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Democratic ReasonPolitics, Collective Intelligence, and the Rule of the Many$
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Hélène Landemore

Print publication date: 2012

Print ISBN-13: 9780691155654

Published to Princeton Scholarship Online: October 2017

DOI: 10.23943/princeton/9780691155654.001.0001

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A Selective Genealogy of the Epistemic Argument for Democracy

A Selective Genealogy of the Epistemic Argument for Democracy

Chapter:
(p.53) Chapter Three A Selective Genealogy of the Epistemic Argument for Democracy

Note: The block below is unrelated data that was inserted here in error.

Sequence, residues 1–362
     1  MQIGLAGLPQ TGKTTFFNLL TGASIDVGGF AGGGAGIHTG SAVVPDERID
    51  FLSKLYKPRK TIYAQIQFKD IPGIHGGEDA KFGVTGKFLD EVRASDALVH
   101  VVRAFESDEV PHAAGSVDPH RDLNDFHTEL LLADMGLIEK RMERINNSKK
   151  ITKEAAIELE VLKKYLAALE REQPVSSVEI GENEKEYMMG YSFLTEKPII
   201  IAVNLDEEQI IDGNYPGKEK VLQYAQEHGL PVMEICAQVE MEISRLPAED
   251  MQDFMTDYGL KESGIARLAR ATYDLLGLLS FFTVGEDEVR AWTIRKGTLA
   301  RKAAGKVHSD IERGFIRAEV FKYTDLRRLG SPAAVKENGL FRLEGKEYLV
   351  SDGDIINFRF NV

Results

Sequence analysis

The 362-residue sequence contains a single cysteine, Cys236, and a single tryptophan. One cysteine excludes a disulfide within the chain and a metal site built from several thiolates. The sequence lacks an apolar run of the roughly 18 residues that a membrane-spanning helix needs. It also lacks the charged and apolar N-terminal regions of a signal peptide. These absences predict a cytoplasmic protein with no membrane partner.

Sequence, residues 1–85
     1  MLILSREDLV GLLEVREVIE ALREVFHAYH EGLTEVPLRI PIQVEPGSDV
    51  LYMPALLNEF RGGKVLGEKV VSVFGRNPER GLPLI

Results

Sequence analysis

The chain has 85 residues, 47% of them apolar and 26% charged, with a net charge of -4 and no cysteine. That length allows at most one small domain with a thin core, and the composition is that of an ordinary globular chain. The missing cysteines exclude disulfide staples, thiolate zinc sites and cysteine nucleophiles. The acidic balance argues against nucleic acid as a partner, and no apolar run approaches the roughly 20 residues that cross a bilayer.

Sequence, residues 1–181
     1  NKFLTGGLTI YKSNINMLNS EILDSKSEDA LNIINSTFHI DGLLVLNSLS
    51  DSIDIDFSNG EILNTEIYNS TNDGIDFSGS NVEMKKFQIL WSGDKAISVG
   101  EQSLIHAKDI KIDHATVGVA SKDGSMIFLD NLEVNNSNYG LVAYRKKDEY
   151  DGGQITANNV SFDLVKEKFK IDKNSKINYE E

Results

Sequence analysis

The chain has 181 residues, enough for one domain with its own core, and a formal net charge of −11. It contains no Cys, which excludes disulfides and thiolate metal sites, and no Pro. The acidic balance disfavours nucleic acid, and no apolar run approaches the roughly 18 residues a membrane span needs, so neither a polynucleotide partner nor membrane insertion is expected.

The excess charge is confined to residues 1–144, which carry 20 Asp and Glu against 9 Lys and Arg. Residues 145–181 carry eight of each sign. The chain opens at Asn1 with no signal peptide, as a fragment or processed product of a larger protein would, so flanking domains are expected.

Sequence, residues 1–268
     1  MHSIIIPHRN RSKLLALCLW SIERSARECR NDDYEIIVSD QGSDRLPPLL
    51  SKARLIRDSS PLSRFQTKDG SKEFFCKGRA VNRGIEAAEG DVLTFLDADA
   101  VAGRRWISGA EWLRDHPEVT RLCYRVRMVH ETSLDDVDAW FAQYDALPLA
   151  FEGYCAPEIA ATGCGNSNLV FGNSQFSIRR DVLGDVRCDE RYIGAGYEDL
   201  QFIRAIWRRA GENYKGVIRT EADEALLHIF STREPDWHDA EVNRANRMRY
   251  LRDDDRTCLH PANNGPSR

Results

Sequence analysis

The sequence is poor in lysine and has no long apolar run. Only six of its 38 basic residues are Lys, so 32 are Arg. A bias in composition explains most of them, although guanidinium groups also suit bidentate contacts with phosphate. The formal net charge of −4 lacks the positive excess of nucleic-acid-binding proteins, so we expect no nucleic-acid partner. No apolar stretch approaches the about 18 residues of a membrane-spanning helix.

Source:
Democratic Reason
Author(s):

Hélène Landemore

Publisher:
Princeton University Press
DOI:10.23943/princeton/9780691155654.003.0003

This chapter reveals, through a selected sample of authors and works, the range of arguments developed throughout history in favor of the epistemic properties of democracy. It contrasts two types of authors, the “talkers” and the “counters,” who respectively credit democratic deliberation or some version of judgment aggregation for the epistemic performance of democratic regimes. The chapter traces the history of such arguments from the foundational myth of Protagoras, in which every human being is assumed to be endowed by the gods with a spark of political wisdom, to Condorcet and his famous Jury Theorem, to John Dewey's idea of democracy as a social quest for truth and Hayek's theory of “distributed knowledge.”

Keywords:   democracy, talkers, counters, democratic deliberation, epistemic performance, judgment aggregation

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